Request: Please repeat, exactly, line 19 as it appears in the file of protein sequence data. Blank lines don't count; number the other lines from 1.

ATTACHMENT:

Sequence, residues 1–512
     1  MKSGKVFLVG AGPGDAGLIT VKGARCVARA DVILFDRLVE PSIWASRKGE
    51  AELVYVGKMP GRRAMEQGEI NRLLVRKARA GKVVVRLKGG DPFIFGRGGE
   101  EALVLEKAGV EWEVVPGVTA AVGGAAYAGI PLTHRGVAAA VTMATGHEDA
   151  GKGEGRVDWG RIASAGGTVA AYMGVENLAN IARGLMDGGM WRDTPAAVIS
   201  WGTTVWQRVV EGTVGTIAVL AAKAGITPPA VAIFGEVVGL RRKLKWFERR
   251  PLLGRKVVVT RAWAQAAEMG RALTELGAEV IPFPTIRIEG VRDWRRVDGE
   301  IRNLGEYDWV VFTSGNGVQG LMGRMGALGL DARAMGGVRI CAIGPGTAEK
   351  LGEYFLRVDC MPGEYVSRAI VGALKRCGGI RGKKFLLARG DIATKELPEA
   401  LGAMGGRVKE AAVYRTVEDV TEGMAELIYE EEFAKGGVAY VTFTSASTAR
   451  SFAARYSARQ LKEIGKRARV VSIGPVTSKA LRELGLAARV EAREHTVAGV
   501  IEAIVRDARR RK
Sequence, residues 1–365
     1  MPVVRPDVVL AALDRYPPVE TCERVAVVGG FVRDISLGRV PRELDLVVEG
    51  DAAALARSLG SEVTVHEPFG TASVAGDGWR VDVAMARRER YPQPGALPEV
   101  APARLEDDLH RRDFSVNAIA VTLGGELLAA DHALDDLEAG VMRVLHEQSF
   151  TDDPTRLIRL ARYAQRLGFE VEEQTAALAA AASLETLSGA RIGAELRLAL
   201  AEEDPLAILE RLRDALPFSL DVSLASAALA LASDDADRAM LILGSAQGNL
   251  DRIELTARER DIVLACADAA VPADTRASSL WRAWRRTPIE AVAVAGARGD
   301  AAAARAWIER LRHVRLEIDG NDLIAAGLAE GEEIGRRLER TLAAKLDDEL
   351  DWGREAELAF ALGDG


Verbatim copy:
   251  DRIELTARER DIVLACADAA VPADTRASSL WRAWRRTPIE AVAVAGARGD